The study offers a novel perspective on how consumers evaluate the number of displayed “likes” in the context of other social media features.
The study shows how social media marketers can become more effective in taking advantage of the number of “likes” that they accumulate on social networking site platforms.
The study illustrates a novel mechanism behind how and when the number of “likes” can influence the effectiveness of social media advertising.
This study examines a cross section of the Spanish retailing branch on the adoption and use of Social Media tools, identifying users and nonusers and their impact on…
This study examines a cross section of the Spanish retailing branch on the adoption and use of Social Media tools, identifying users and nonusers and their impact on management experiences. The use of 2.0 technologies has also been analyzed based on company size.
An online survey among 90 Spanish retailers provides a number of interesting insights in the adoption rates, the facilitating and disruptive factors in the adoption process, the types of applications used by retailers, and their experiences from them. Prior to filling in the online questionnaires, the recipients were contacted by phone and were informed about the study. A Chi-square analysis has been carried out to contrast the suggested research questions.
Retailers using Social Media as part of their marketing strategy use most social applications for customer-related purposes and see clear benefits in improving customer relations, market communication, improving their after-sales services, and obtaining customer feedback and customer information. Although many differences do not exist between large, medium, and small companies, it is remarkable that large companies use social web tools as branding and small companies as customer service.
The main problem of this study has been the low recruitment of answers by retailers.
Practical and social implications
Customers are using such technologies in overwhelming numbers and a substantial part of the customer generated content in Social Media is about brands, businesses, and products. Having a good idea about the customer dialog online can provide businesses with very valuable information and help them understand market trends but also identify potential areas of danger and problems.
Originality/value of chapter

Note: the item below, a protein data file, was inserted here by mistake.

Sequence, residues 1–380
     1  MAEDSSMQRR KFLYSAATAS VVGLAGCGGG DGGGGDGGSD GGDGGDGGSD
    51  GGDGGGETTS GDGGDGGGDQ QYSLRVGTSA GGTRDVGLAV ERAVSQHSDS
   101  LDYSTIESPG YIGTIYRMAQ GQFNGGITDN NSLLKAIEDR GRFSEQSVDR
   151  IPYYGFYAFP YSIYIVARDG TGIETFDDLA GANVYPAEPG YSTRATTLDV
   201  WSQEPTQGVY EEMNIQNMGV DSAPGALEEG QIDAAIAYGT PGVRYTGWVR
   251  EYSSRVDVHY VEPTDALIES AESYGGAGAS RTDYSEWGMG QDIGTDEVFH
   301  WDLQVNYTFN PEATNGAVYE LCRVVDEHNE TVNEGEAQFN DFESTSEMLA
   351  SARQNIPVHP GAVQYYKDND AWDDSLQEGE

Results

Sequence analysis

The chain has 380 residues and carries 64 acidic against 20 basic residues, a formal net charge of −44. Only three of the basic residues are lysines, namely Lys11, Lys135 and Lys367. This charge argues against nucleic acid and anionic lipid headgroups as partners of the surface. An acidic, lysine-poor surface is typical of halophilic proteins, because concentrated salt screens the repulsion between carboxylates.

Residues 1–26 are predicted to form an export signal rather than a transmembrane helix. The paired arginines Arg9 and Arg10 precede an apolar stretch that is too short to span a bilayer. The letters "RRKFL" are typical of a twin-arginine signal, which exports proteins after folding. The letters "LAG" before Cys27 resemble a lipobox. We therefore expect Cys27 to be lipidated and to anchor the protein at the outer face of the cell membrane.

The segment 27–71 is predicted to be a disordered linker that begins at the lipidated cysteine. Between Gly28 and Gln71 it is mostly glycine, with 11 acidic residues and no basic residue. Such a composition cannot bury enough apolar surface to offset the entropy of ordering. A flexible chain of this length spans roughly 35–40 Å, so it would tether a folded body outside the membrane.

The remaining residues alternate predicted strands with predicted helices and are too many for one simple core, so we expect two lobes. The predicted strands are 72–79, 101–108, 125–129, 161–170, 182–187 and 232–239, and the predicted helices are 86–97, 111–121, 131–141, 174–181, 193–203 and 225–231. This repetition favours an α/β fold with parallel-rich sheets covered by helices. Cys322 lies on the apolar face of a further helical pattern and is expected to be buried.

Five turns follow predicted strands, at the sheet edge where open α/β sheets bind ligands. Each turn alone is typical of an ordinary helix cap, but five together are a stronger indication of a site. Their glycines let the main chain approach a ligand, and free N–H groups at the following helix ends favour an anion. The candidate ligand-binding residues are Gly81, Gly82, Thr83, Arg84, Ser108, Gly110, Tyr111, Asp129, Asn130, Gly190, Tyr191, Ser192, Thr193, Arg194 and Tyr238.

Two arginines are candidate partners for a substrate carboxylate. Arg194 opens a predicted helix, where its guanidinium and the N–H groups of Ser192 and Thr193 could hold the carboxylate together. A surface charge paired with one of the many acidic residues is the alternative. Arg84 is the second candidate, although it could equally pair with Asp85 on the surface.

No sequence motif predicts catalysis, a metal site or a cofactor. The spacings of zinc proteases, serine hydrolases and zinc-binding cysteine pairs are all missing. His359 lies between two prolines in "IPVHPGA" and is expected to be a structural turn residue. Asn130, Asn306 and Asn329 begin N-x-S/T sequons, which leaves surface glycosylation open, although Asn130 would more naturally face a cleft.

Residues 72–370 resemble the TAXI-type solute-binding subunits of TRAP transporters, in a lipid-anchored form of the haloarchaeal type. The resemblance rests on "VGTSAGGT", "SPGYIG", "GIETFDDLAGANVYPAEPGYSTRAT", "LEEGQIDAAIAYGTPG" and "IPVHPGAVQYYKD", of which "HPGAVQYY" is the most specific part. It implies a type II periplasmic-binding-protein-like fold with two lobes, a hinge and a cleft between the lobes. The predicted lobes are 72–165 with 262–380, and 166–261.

The adoption of Social Media tools is a topic much studied from demand perspective. Nevertheless, the application to business and, specifically, retailing sector is less analyzed. With this study we pretend to improve this research line from offer perspective.
SWOT (strengths, weaknesses, opportunities, threats) analysis is a powerful approach for evaluating the strengths and weaknesses of an organization with an internal…
SWOT (strengths, weaknesses, opportunities, threats) analysis is a powerful approach for evaluating the strengths and weaknesses of an organization with an internal perspective. The approach also takes into account the opportunities and the threats from an external point of view. These features make SWOT a commonly used approach in strategic management. The purpose of this paper is to propose an integrated SWOT analysis with multiple preference relations technique, to show the application of the proposed methodology, to prioritize the strategic factors and to present alternative strategies for ABC, a case company, which is targeting to use social media more effectively.
In this study, expert opinions are used to identify SWOT factors of ABC on social media. The obtained findings are evaluated and each factor is prioritized by means of the multiple preference relations technique.
The proposed evaluation model has four main groups, namely, strengths, weaknesses, opportunities, threats, under which 17 factors are identified. As a result of the evaluations, “O2: Opportunity to contact a large number of users simultaneously at affordable cost” has the highest importance level among other factors. Alternative strategies are developed based on the obtained results.
Decision-makers who have different backgrounds or ideas can state their preferences in different formats. Multiple preference relations technique is used to combine different assessments. SWOT analysis with multiple preference relations technique with a group decision-making perspective is proposed. This is the first time the method is used in the social media-related literature. With this study, the most appropriate social media strategic factors are selected for ABC and alternative strategies are determined based on the results.